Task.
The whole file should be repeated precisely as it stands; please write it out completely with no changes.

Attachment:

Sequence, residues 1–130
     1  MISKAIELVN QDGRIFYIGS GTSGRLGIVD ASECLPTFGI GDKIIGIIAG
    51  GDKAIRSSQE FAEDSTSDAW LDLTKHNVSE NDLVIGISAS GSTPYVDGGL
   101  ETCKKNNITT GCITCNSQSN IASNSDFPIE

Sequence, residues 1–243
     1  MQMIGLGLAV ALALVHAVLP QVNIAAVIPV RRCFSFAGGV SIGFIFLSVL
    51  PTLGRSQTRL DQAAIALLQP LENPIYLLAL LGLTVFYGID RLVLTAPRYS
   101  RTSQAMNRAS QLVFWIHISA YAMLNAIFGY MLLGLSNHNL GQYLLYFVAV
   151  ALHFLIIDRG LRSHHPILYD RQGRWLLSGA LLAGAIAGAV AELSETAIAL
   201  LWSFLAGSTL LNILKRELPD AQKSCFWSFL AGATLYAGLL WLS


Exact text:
Sequence, residues 1–130
     1  MISKAIELVN QDGRIFYIGS GTSGRLGIVD ASECLPTFGI GDKIIGIIAG
    51  GDKAIRSSQE FAEDSTSDAW LDLTKHNVSE NDLVIGISAS GSTPYVDGGL
   101  ETCKKNNITT GCITCNSQSN IASNSDFPIE

Sequence, residues 1–243
     1  MQMIGLGLAV ALALVHAVLP QVNIAAVIPV RRCFSFAGGV SIGFIFLSVL
    51  PTLGRSQTRL DQAAIALLQP LENPIYLLAL LGLTVFYGID RLVLTAPRYS
   101  RTSQAMNRAS QLVFWIHISA YAMLNAIFGY MLLGLSNHNL GQYLLYFVAV
   151  ALHFLIIDRG LRSHHPILYD RQGRWLLSGA LLAGAIAGAV AELSETAIAL
   201  LWSFLAGSTL LNILKRELPD AQKSCFWSFL AGATLYAGLL WLS